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Wednesday, April 26, 2006

a yoga history lesson

earlier today, i picked up the may 2006 issue of LA YOGA magazine and leafed through the pages while i ate my lunch. i had just enough time to skim the interview with john friend, the founder (developer/creator?) of the anusara style of yoga.

for those unfamiliar with anusara yoga, according to the anusara website:

Founded by John Friend in 1997, Anusara Yoga® is a powerful hatha yoga system that unifies a Tantric philosophy of intrinsic Goodness with Universal Principles of Alignment™. Anusara's remarkable popularity is due in large part to its uplifting philosophy, epitomized by a "celebration of the heart," that looks for the good in all people and all things. Consequently, students of all levels of ability and yoga experience are honored for their unique differences, limitations, and talents.

anusara yoga is taught at many studios in the los angeles area, including city yoga, yoga inside out, still yoga, mission street yoga, and yoga at the village.

at some point in the article, john friend mentioned that he was influenced by the well-known yoga gurus iyengar, pattabhi jois, desikachar, and krishnamacharya, among others. except for iyengar, however, i couldn't remember what the others were known for. thanks to google and yogajournal.com, here's the abridged version of how they fit into the yoga history books:

T. Krishnamacharya

The man who deserves the most credit for creating, or at least influencing, the type of physical yoga that Americans, Western Europeans, and many Asians embrace today never set foot on Western soil. Sometime in the early 1930s Tirumalai Krishnamacharya, took it upon himself to champion the beauty and the benefits of yoga asana. (In a biography, Krishnamacharya says asana practice was so little known in India that he had to go all the way to Tibet to find a guru to teach him.) Of course, like all serious yogis, his training began with Patanjali's Yoga Sutra—he was five years old when his father began teaching him in 1893.

No one really knows Krishnamacharya's true yoga journey, not even his family. His life remains shrouded in a fog of myth, fable, fact, and contradictory memories. Despite this, Krishnamacharya has become the undisputed father of modern-day hatha yoga. Whether it came from the Yogarahasya, a lost ancient text that appeared to him in a dream, or from a palm-leaf manuscript called the Yoga Korunta (supposedly devoured by ants), or from a blend of asana, pranayama, Indian wrestling, and British gymnastics, Krishnamacharya's yoga represents a uniquely twentieth-century incarnation of a rich and ever-evolving tradition.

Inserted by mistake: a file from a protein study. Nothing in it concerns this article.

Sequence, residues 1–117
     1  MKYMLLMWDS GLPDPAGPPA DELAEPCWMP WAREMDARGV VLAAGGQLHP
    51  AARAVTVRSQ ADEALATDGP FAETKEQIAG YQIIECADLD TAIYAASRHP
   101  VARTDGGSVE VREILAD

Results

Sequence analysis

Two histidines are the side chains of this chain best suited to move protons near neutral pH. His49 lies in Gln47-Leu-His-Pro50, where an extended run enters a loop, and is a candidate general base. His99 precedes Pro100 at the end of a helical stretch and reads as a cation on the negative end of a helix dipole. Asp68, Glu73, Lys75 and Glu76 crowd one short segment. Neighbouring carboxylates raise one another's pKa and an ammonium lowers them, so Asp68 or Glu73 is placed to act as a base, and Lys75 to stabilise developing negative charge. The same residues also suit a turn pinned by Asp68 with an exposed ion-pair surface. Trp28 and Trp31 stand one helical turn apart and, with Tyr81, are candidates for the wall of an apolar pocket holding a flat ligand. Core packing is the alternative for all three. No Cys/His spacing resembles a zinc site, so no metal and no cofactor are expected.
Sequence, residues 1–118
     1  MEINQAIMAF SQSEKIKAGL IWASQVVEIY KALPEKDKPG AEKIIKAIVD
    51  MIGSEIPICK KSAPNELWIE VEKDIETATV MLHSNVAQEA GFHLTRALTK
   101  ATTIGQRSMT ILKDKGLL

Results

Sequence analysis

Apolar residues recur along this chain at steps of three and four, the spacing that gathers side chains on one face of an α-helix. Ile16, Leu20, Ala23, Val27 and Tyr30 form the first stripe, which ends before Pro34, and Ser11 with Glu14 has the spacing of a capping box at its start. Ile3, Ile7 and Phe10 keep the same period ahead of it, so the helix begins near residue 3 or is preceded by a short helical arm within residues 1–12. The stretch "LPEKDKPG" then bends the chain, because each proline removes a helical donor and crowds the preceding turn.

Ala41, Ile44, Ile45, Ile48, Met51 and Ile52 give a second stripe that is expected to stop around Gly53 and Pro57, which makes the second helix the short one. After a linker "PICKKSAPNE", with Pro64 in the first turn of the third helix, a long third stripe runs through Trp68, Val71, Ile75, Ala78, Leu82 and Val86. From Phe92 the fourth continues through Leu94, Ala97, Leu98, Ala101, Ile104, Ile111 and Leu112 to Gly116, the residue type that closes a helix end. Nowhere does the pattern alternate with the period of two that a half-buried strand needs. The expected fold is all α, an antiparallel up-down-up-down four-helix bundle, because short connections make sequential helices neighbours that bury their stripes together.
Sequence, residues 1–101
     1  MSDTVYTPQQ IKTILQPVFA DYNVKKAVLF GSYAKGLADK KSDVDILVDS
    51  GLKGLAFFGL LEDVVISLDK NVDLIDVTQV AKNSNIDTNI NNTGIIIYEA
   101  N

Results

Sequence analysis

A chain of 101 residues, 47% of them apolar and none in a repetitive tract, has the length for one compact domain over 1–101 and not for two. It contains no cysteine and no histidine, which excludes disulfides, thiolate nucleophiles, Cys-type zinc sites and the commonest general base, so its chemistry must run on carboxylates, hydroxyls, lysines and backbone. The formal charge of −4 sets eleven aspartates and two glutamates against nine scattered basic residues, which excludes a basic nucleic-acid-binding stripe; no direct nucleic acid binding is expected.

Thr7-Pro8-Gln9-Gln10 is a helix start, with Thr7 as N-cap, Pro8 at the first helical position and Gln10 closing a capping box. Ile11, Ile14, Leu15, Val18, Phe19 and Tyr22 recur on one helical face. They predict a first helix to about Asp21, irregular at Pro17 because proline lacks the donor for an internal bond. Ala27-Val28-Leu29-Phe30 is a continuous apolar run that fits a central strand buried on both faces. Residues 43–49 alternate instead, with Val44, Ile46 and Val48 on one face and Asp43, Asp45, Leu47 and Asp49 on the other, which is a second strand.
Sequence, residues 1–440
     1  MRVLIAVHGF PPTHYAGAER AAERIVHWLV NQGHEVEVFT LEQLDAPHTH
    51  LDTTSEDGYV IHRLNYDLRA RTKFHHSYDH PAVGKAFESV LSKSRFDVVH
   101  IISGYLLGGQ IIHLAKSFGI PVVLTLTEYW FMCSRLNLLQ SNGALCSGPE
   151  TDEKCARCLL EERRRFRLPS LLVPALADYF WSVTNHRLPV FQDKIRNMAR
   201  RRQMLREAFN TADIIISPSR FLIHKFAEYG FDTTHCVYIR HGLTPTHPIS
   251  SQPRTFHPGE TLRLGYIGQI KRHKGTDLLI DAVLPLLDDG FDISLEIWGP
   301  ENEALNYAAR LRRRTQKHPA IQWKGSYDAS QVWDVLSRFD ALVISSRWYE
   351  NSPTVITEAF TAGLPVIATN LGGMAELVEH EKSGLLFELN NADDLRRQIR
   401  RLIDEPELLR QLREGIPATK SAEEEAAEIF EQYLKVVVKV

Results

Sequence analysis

Like so many of today's yoga students, Krishnamacharya's students—mostly able-bodied, athletic, young men—were more interested in building strength and fitness and performing near impossible feats than in any spiritual dimensions of practice. So Krishnamacharya created sequences that focused on athleticism by incorporating the power of the breath and the element of meditative gaze (drishti) in a dynamic flow of poses called vinyasa, using all the props and disciplines at his disposal. To keep his students challenged and focused, Krishnamacharya developed increasingly more difficult sequences, allowing his students to progress to the next level only after they had mastered the first one.

Pattabhi Jois

Pattabhi Jois, who still teaches and practices in Mysore, was just a young boy when he met Krishnamacharya at one of his yoga demonstrations. Jois studied with Krishnamacharya for several years before leaving for college. Guru and student reunited in Mysore at the Sanskrit College, and Jois became a faithful follower of Krishnamacharya's methods. Jois credits his teacher with perfecting the Ashtanga vinyasa system, a tradition that he says draws inspiration from the classics—the Yoga Sutra, the Bhagavad Gita, and the Hatha Yoga Pradipika—as well as from modern Western disciplines. Just as Krishnamacharya did in Mysore, Pattabhi Jois and his disciples continue to teach a set sequence of poses (linked by the breath), the purpose of which is to create tapas, or heat in the body, in order to cleanse and purify.